Special issue on 'Logical frameworks and metalanguages'

2003 Journal of functional programming  
There is both a great unity and a great diversity in presentations of logic. The diversity is staggering indeed -propositional logic, first-order logic, higher-order logic belong to one classification; linear logic, intuitionistic logic, classical logic, modal and temporal logics belong to another one. Logical deduction may be presented as a Hilbert style of combinators, as a natural deduction system, as sequent calculus, as proof nets of one variety or other, etc. Logic, originally a field of
more » ... hilosophy, turned into algebra with Boole, and more generally into meta-mathematics with Frege and Heyting. Professional logicians such as Gödel and later Tarski studied mathematical models, consistency and completeness, computability and complexity issues, set theory and foundations, etc. Logic became a very technical area of mathematical research in the last half century, with fine-grained analysis of expressiveness of subtheories of arithmetic or set theory, detailed analysis of well-foundedness through ordinal notations, logical complexity, etc. Meanwhile, computer modelling developed a need for concrete uses of logic, first for the design of computer circuits, then more widely for increasing the reliability of sofware through the use of formal specifications and proofs of correctness of computer programs. This gave rise to more exotic logics, such as dynamic logic, Hoare-style logic of axiomatic semantics, logics of partial values (such as Scott's denotational semantics and Plotkin's domain theory) or of partial terms (such as Feferman's free logic), etc. The first actual attempts at mechanisation of logical reasoning through the resolution principle (automated theorem proving) had been disappointing, but their shortcomings gave rise to a considerable body of research, developing detailed knowledge about equational reasoning through canonical simplification (rewriting theory) and proofs by induction (following Boyer and Moore successful integration of primitive recursive arithmetic within the LISP programming language). The special case of Horn clauses gave rise to a new paradigm of non-deterministic programming, called Logic Programming, developing later into Constraint Programming, blurring further the scope of logic. In order to study knowledge acquisition, researchers in artificial intelligence and computational linguistics studied exotic versions of modal logics such as Montague intentional logic, epistemic logic, dynamic logic or hybrid logic. Some others tried to capture common sense, and modeled the revision of beliefs with so-called nonmonotonic logics. For the careful crafstmen of mathematical logic, this was the final outrage, and Girard gave his anathema to such "montresà moutardes". Behind this flurry of varieties of logic, however, lies a common heritage of methods and structures. Furthermore, the problematics of the formalisation of mathematical https://www.cambridge.org/core/terms. https://doi.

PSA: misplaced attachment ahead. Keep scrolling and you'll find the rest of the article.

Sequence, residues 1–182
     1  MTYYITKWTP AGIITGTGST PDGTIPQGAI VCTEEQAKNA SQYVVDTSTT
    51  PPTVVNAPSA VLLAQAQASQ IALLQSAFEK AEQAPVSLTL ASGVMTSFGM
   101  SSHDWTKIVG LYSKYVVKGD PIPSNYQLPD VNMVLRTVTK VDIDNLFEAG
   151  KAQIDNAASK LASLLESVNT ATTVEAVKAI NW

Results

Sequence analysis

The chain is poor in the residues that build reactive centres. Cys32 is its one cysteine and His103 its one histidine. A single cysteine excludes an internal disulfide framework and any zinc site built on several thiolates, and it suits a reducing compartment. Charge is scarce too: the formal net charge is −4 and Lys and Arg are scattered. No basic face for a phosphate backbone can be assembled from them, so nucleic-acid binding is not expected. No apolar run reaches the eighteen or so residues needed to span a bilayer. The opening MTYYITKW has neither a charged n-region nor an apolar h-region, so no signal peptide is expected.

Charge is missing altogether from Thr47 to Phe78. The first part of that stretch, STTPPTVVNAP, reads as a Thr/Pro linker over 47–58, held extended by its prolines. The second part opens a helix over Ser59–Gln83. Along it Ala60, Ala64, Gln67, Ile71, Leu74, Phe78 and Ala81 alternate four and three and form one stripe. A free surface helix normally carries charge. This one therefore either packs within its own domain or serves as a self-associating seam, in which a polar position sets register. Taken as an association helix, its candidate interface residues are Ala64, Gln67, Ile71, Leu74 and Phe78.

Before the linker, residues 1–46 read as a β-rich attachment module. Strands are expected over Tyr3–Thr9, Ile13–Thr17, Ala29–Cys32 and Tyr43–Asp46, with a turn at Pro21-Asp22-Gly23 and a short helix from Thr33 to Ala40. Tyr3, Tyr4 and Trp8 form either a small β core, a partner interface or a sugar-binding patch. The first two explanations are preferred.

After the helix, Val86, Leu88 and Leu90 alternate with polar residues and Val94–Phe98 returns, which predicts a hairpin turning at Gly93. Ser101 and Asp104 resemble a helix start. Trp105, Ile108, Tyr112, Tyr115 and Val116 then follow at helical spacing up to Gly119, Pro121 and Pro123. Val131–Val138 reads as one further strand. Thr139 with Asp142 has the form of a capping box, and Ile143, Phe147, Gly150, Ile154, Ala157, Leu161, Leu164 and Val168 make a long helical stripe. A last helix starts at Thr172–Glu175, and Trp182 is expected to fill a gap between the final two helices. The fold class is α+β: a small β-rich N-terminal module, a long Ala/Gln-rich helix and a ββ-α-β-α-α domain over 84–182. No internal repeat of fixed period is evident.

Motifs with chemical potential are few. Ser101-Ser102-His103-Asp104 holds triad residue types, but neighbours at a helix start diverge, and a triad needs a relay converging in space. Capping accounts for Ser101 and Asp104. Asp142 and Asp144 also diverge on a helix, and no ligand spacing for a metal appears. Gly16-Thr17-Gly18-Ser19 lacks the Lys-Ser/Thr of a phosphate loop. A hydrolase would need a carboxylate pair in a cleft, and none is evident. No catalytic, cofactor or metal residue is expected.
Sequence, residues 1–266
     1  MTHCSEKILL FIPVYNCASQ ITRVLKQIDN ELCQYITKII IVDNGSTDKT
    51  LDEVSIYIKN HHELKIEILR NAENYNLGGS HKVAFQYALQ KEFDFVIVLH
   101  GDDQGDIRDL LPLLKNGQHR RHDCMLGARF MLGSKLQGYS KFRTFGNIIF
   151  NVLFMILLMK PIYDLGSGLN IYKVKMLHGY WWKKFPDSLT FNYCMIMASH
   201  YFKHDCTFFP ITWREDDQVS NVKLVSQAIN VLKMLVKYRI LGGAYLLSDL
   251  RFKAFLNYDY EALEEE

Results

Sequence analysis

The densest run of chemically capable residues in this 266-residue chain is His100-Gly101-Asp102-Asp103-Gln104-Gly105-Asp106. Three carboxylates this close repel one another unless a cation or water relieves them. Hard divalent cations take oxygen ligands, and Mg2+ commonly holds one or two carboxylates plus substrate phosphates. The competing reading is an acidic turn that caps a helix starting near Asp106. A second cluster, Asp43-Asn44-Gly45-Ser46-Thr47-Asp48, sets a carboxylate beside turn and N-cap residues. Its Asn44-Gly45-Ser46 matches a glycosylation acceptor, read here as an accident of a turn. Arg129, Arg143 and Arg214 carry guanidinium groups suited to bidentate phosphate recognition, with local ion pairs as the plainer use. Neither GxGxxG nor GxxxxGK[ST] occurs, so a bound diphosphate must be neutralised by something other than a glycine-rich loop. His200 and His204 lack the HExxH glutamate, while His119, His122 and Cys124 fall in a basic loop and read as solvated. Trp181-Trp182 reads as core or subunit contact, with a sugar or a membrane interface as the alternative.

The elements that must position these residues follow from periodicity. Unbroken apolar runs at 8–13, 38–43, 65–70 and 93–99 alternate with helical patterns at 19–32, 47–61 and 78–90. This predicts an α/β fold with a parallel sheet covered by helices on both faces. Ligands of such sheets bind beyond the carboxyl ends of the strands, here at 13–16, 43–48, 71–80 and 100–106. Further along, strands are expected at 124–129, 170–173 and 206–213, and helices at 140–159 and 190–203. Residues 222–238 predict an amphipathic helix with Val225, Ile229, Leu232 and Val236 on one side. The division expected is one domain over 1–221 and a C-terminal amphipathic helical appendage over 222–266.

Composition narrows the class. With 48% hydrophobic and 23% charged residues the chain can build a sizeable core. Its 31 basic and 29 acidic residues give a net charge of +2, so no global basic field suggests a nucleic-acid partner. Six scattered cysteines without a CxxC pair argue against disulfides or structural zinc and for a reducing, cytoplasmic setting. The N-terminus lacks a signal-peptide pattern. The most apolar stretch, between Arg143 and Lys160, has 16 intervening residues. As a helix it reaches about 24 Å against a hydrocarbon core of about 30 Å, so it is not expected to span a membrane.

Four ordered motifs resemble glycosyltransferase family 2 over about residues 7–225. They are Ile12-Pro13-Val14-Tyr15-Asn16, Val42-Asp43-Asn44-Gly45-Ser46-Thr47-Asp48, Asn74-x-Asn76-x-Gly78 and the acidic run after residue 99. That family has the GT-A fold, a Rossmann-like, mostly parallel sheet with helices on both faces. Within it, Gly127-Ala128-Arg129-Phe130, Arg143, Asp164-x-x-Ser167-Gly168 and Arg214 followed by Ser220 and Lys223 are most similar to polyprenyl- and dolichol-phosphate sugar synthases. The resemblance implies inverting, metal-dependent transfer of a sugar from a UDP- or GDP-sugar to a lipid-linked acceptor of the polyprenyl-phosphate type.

doi:10.1017/s0956796802004549 fatcat:zkmf6ncdjnhbvfhmshmsevmvt4